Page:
It was probably in 1965.  I was down in the basement in our home near the railroad tracks in Bridgeport, Michigan.  ‘She Loves You’ came on the radio and I think ever since then I’ve had music stuck in my head.  I’d noticed music before, opera my parents would play, things I’d hear now and then on the radio or a jukebox, The Everly Brothers, The Four Seasons, Lesley Gore, Bobby Darin, Ricky Nelson.  But for some reason, the Beatles (and later Bob Dylan) made me want to not just listen, but to play and write myself.

Over the years I’ve written a ton of songs, some performed by myself or groups I was in between 1968 and the mid-1980’s, some published, but most piling up and gathering dust in my private portfolio.  There was a period of approximately 13 years, from 1987 to 2000, that I did almost nothing with music apart from an ad hoc gig with old friends or new acquaintances.  This coincided with my work in the U.S. Foreign Service.  I guess it just turned out to be a long sabbatical.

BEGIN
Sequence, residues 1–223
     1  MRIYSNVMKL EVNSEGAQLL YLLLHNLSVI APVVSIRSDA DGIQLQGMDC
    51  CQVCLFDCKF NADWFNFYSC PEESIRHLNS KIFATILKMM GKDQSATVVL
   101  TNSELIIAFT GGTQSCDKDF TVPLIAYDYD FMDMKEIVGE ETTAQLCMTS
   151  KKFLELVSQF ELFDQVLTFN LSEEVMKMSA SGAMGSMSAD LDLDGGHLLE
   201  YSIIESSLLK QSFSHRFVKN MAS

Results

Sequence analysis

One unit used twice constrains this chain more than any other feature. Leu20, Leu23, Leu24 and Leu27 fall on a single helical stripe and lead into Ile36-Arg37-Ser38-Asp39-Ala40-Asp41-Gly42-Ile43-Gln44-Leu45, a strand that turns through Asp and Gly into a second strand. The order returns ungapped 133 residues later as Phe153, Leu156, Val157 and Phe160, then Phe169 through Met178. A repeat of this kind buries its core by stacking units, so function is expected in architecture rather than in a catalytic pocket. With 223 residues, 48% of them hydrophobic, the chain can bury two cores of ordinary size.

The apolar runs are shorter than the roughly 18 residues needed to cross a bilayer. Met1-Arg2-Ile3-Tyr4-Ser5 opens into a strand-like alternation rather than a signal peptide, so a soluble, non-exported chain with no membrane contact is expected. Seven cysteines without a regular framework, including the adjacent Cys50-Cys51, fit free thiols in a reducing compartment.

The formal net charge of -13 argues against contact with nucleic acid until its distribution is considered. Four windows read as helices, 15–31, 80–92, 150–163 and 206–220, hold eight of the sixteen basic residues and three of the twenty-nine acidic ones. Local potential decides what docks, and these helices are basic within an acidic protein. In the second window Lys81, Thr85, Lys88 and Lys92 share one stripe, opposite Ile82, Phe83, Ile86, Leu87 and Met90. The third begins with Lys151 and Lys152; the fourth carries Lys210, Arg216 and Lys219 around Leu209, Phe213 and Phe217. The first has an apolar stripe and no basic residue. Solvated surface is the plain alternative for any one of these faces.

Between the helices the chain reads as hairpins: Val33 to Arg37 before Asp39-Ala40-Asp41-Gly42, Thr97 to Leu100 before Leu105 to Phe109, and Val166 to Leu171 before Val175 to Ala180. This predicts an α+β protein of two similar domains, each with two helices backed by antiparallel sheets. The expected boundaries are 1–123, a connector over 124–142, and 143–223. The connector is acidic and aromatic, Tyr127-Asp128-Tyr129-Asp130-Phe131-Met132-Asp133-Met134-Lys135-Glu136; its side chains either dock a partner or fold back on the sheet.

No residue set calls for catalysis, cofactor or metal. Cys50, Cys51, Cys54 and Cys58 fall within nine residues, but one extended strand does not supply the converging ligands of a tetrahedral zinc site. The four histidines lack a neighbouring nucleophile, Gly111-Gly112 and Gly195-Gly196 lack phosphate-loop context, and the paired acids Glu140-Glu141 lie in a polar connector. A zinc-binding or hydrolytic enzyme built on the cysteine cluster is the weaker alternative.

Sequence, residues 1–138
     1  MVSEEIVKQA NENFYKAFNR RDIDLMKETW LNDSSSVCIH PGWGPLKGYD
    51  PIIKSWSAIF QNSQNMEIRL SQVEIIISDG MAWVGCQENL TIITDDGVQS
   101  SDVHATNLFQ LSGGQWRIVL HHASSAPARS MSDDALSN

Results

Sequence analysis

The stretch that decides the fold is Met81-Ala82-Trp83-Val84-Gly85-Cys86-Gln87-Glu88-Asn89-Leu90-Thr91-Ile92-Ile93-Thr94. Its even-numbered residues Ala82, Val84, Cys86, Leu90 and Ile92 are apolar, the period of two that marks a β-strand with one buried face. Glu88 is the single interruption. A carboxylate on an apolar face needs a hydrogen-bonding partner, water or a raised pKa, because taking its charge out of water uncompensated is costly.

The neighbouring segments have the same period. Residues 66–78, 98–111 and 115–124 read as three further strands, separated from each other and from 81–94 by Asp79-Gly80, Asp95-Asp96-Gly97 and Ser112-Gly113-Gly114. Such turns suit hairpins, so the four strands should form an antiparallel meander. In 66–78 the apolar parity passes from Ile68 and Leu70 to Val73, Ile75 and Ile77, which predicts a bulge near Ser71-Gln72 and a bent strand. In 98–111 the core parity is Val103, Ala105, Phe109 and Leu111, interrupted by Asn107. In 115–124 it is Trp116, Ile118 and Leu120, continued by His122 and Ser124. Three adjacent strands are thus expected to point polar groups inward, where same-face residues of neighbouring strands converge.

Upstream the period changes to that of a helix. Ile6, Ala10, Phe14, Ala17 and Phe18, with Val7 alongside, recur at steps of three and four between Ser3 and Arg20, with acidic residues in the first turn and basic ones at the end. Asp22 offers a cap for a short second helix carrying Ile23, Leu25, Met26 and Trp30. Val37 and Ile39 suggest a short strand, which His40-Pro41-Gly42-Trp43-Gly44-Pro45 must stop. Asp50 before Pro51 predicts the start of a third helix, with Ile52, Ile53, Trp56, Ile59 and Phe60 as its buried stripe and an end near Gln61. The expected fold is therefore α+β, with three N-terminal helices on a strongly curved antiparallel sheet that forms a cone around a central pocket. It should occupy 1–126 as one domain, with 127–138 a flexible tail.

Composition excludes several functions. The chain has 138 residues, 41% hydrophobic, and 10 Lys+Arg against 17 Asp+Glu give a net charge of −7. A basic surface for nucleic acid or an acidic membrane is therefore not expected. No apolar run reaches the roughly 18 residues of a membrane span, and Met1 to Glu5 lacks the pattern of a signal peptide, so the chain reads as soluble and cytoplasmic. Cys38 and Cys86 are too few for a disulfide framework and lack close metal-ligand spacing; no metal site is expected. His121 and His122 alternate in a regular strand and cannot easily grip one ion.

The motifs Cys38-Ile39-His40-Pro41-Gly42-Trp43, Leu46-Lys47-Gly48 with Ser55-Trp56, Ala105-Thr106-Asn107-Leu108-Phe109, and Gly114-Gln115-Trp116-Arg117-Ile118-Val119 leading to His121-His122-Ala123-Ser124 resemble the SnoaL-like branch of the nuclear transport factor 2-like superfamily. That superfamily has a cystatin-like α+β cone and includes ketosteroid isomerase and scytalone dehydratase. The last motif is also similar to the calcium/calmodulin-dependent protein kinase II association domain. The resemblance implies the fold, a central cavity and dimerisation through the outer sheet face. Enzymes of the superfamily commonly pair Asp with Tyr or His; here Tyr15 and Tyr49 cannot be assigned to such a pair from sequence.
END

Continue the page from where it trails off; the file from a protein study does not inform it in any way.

It was in Budapest around 2000 that I began to write again, like crazy.  Without analyzing it, I know at that time for different reasons both psychological and spiritual, that I needed to get stuff out of my head and my heart, and my desire to make music sort of woke up again.  As my song list grew, I needed a way to get them out of my head so I wouldn’t forget them.  I began going to recording studios (first in Budapest and later in Washington, D.C. and Toronto), where I’d sit in front of a mic with the ‘tape rolling’ and lay down track after track with my acoustic.  It didn’t break the bank to do that, but it wasn’t cheap.